For example: an individual may discover, by using the EPAs carbon calculator, that they produce 20 tons of GHGs every year. With this in mind, they may decide to fly less, ride a bike during the summer months, grow a garden, and replace old windows in their home with good thermal panes. The following year, this individual may discover they’ve reduced their footprint to 18 tons. Buying 18 tons worth of carbon offsets is a market solution to resolve the remaining balance of this theoretical individual’s carbon footprint. Somewhere else in the world, those 18 tons are either being sequestered or prevented from entering the system – whereas without this donation/purchase they otherwise would not have been.
Currently, carbon offset projects vary in price between, roughly, $8 a ton to $13 a ton. This is a remarkably inexpensive way to make meaningful reductions of GHGs.
We recommend that the State of Alaska offset all official air travel and any building that is not powered and heated with renewable energy by buying carbon offsets. This will send a strong signal that government takes its carbon footprint seriously. It will also help model behavior, and spur carbon offset businesses within Alaska.
Carbon Sequestration and Drawdown
Over the last couple years, we have seen native villages and regional corporations take the lead on selling forest and coal reserves on the California Carbon Exchange Market. Industrial polluters in California must buy offsets when they exceed their pollution cap and Alaska is rife with potential to tap into this billion-plus dollar market.
Carbon sequestration by maintaining forests, rather than clear cutting them, is just the tip of the iceberg for Alaska. Selling coal leases to assure they remain undeveloped, returning grazing animals to the tundra/boreal region, developing weatherized rock into carbon capture projects, capturing CO2 directly from flue gases of power plants, crushed limestone and water to make alkaline bicarbonate slurry to be pumped into the ocean, and development of fast-growing plants that can be rendered into pulp are all examples of projects which could receive funding through the California Cap and Trade market.
We advise that Alaska implement our own Cap and Trade industry regulations for industrial carbon producers/polluters and establish an incentives program to spur and promote our Alaska-grown sequestration projects.
Since the mid-1970s, Alaska has produced over 17 billion barrels of oil, which has produced billions of tons of atmospheric carbon dioxide. As individuals, we Alaskans have above national average carbon footprints. Our contribution to climate change is real. As the one state in the union that is experiencing global warming at twice the rate as the rest of the nation, we have a duty and responsibility to become climate literate.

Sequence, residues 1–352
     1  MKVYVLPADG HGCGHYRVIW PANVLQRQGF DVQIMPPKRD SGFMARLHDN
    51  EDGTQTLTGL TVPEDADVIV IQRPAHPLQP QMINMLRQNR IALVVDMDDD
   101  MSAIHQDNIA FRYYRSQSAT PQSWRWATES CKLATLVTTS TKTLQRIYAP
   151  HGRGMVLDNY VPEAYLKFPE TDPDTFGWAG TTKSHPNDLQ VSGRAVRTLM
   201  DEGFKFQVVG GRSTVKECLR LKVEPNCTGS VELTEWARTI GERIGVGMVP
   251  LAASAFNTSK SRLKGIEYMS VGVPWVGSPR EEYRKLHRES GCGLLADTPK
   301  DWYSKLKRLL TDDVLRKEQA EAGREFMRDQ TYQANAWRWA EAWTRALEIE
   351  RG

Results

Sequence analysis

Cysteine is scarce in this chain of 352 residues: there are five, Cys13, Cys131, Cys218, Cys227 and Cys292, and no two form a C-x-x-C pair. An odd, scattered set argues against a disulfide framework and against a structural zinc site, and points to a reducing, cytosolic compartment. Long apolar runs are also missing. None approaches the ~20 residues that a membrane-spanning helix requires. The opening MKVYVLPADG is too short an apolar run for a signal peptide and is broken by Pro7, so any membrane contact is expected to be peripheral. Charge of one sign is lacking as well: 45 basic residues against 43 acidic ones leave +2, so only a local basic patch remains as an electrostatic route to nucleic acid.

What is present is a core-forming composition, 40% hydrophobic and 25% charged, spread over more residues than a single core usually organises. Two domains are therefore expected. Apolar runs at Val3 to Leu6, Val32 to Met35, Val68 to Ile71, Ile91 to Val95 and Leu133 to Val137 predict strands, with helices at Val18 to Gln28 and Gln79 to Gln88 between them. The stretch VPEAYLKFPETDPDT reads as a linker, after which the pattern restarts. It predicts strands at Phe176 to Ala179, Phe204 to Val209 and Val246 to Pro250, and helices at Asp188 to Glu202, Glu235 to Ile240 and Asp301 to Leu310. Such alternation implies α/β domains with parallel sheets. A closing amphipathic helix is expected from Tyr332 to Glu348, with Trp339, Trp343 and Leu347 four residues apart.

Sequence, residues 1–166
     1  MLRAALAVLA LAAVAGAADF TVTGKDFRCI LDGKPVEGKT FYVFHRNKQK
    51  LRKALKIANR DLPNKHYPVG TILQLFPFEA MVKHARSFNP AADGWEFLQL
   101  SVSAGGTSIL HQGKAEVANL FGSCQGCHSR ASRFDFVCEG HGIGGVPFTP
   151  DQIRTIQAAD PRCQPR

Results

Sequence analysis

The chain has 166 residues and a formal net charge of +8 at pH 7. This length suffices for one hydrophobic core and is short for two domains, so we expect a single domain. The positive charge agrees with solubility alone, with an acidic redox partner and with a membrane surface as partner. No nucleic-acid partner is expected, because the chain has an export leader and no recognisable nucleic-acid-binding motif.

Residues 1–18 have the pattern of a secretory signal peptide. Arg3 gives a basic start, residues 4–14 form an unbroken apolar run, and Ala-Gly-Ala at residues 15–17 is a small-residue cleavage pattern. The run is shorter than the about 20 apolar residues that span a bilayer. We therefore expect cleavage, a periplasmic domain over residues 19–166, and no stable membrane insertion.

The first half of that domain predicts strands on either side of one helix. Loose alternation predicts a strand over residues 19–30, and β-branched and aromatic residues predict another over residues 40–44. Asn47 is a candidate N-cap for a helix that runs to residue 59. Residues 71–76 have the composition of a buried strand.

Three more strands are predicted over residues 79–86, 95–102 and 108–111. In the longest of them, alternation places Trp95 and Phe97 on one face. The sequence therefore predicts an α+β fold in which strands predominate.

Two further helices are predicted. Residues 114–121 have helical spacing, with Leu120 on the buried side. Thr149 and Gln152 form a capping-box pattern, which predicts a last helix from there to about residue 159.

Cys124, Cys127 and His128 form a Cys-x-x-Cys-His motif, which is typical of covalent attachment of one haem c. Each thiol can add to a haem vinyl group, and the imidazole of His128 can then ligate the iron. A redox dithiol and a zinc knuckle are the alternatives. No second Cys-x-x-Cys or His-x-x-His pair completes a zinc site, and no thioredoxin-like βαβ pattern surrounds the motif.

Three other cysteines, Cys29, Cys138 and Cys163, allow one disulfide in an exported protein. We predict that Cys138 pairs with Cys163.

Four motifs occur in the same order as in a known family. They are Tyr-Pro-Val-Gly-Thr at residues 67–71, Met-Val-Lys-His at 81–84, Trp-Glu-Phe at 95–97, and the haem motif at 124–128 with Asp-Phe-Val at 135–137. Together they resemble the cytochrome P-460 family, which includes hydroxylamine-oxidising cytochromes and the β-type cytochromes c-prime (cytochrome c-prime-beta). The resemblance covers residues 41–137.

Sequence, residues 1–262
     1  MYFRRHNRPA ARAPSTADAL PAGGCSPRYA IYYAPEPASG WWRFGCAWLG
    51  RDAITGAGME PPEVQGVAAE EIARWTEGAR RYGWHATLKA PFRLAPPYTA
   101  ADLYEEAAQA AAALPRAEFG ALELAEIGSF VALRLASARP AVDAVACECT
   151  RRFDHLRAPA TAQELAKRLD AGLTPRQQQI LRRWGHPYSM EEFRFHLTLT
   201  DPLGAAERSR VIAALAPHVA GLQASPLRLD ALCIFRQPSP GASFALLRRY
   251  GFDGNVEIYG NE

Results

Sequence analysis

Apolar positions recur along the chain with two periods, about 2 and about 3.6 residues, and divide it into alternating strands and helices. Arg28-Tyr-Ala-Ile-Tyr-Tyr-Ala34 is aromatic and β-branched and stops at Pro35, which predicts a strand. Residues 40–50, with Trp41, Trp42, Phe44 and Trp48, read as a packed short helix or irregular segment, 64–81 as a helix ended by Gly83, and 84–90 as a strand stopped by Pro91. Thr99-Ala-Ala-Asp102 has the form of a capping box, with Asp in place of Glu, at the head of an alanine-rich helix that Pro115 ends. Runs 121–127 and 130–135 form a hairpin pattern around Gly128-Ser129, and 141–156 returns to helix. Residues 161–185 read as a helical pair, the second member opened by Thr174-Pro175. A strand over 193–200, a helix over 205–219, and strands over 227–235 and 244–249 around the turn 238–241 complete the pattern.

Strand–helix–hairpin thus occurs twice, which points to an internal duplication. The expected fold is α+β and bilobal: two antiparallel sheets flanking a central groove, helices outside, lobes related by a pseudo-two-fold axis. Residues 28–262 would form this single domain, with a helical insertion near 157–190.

Alaska’s climate is changing. We know about warmer winters, melting glaciers and permafrost, we watch animals like salmon and Dall sheep struggle to keep up with changing habitat, we know about coastal erosion and community relocation, about warming oceans and drier summers. These changes are happening more quickly than ever recorded. Elders observe that conditions are unlike even the oldest stories.
Alaskans know climate change because we are experiencing it and science can and has explained why rapid climate change is occurring. Studies looking at scientific papers that express an opinion have found that 97% agree that it is happening, man made, and dangerous to humans and yet only 11% of Americans understand that there is this degree of certainty within the scientific community.
The State of Alaska needs to adopt education standards and climate change curriculum for elementary, junior, and high school age children, our vocational schools need to offer alternative energy and other technical courses related to de-carbonization, and the University of Alaska should become a world leader in climate related studies.
We strongly believe that climate change is not a left or right partisan issue. However, many in our state and nation are still caught up in this unfortunate paradigm. It is imperative that we decouple the science and understanding of anthropogenic global warming from the clutches of divisive party politics. Solving this issue will require all hands on deck.
It is easy to look to other northern nations as examples; to see how addressing climate change not only doesn’t not harm economies, it grows them. Every year, renewable energy technologies become cheaper and more people become climate literate. We are at a critical crossroad and it is time for bold leadership. It is time to come together as Alaskans to fight climate change, defend our unique way of life and embolden the industries of the future.
Thank you for taking the time to read and weigh our comments.
Alaskans Know Climate Change Director